Superconducting high kinetic inductance elements constitute a valuable resource for quantum circuit design and millimeter-wave detection. Granular aluminum (GrAl) in the superconducting
regime is a particularly interesting material since it has already shown a kinetic inductance in the range of nH/◻ and its deposition is compatible with conventional Al/AlOx/Al Josephson junction fabrication. We characterize microwave resonators fabricated from GrAl with a room temperature resistivity of 4×103μΩ⋅cm, which is a factor of 3 below the superconductor to insulator transition, showing a kinetic inductance fraction close to unity. The measured internal quality factors are on the order of Qi=105 in the single photon regime, and we demonstrate that non-equilibrium quasiparticles (QP) constitute the dominant loss mechanism. We extract QP relaxation times in the range of 1 s and we observe QP bursts every ∼20 s. The current level of coherence of GrAl resonators makes them attractive for integration in quantum devices, while it also evidences the need to reduce the density of non-equilibrium QPs.
05 Feb 2018
The embedding of tunable quantum emitters in a photonic bandgap structure enables the control of dissipative and dispersive interactions between emitters and their photonic bath. Operation
in the transmission band, outside the gap, allows for studying waveguide quantum electrodynamics in the slow-light regime. Alternatively, tuning the emitter into the bandgap results in finite range emitter-emitter interactions via bound photonic states. Here we couple a transmon qubit to a superconducting metamaterial with a deep sub-wavelength lattice constant (λ/60). The metamaterial is formed by periodically loading a transmission line with compact, low loss, low disorder lumped element microwave resonators. We probe the coherent and dissipative dynamics of the system by measuring the Lamb shift and the change in the lifetime of the transmon qubit. Tuning the qubit frequency in the vicinity of a band-edge with a group index of ng=450, we observe an anomalous Lamb shift of 10 MHz accompanied by a 24-fold enhancement in the qubit lifetime. In addition, we demonstrate selective enhancement and inhibition of spontaneous emission of different transmon transitions, which provide simultaneous access to long-lived metastable qubit states and states strongly coupled to propagating waveguide modes.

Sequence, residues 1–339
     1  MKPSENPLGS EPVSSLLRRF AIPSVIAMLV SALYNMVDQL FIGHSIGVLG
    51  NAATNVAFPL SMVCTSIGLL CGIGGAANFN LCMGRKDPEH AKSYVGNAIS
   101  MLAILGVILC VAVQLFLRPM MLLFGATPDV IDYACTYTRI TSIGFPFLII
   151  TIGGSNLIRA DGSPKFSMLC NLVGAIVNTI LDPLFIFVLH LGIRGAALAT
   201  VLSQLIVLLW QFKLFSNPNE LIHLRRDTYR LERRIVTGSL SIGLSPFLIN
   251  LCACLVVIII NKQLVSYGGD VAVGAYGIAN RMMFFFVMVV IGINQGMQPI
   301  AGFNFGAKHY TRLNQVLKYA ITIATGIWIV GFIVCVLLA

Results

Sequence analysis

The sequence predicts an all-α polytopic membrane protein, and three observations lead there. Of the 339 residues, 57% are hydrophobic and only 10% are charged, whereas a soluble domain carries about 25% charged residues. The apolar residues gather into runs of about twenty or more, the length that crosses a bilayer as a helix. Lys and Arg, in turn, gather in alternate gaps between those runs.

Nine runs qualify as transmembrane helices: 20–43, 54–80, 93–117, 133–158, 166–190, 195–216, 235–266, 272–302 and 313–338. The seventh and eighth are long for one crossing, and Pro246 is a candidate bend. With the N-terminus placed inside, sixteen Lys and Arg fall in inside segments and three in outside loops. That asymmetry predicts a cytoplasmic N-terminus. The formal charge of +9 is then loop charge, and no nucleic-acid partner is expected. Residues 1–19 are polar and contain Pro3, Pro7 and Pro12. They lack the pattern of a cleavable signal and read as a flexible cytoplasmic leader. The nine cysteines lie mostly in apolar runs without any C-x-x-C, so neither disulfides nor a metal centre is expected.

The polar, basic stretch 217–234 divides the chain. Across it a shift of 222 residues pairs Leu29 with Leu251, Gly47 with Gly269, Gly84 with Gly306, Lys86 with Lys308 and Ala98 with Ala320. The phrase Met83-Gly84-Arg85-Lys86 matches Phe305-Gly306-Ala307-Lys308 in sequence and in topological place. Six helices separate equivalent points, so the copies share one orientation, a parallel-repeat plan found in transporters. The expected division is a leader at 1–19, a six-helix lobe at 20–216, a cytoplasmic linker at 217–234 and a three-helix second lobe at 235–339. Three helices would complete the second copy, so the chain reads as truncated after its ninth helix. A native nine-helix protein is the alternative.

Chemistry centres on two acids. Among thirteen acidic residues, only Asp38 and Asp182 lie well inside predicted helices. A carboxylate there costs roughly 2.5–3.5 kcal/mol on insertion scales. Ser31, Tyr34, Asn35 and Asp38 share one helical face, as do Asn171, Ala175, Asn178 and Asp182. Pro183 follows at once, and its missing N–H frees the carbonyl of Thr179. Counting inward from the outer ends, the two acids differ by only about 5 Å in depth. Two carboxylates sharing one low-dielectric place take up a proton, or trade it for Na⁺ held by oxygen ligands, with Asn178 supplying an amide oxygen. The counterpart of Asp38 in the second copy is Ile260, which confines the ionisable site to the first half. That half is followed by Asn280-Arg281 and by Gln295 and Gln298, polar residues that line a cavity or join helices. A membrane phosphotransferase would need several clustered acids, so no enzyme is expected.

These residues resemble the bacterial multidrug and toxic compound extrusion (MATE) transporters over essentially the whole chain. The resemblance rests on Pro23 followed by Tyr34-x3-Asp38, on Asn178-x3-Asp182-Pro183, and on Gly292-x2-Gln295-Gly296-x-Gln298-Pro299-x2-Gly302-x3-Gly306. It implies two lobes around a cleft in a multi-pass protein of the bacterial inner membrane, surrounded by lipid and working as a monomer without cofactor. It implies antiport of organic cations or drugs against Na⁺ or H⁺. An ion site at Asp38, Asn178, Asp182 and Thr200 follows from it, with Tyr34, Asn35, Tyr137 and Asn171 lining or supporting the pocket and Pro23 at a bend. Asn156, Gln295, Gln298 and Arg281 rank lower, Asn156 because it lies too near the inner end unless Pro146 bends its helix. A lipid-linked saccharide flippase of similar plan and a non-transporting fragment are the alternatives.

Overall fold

We demonstrate the ability of an epitaxial semiconductor-superconductor nanowire to serve as a field-effect switch to tune a superconducting cavity. Two superconducting gatemon qubits
are coupled to the cavity, which acts as a quantum bus. Using a gate voltage to control the superconducting switch yields up to a factor of 8 change in qubit-qubit coupling between the on and off states without detrimental effect on qubit coherence. High-bandwidth operation of the coupling switch on nanosecond timescales degrades qubit coherence.
02 Feb 2018
Exploring the quantum world often starts by drawing a sharp boundary between a microscopic subsystem and the bath to which it is invariably coupled. In most cases, knowledge of the
physical processes occuring in the bath is not required in great detail. However, recent developments in circuit quantum electrodynamics are presenting regimes where the actual dynamics of engineered baths, such as microwave photon resonators, becomes relevant. Here we take a major technological step forward, by tailoring a centimeter-scale on-chip bath from a very long metamaterial made of 4700 tunable Josephson junctions. By monitoring how each measurable bosonic resonance of the circuit acquires a phase-shift due to its interaction with a transmon qubit, one can indirectly measure qubit properties, such as transition frequency, linewidth and non-linearity. This new platform also demonstrates the ultra-strong coupling regime for the first time in the context of Josephson waveguides. Our device combines a large number of modes (up to 10 in the present setup) that are simultaneously hybridised with the two-level system, and a broadening dominated by the artificial environment that is a sizeable fraction of the qubit transition frequency. Finally, we provide a quantitative and parameter-free model of this large quantum system, and show that the finite environment seen by the qubit is equivalent to a truly macroscopic bath.
30 Jan 2018
Linear parametric amplification is a key operation in information processing. Our interest here is quantum-limited parametric amplification, i.e., amplification of quantum signals while
adding the minimum amount of noise allowed by quantum mechanics, which is essential for any viable implementation of quantum information processing. We describe parametric amplifiers based on the dispersive nonlinearity of Josephson junctions driven with appropriate tones playing the role of pumps. We discuss two defining characteristics in the architecture of these amplifiers: the number of modes occupied by the signal, idler and pump waves and the number of independent ports through which these waves enter into the circuit. We discuss scattering properties of these amplifiers. This is followed by computations of the dynamic range and phase-space distributions of the fluctuations of the modes of the amplifiers.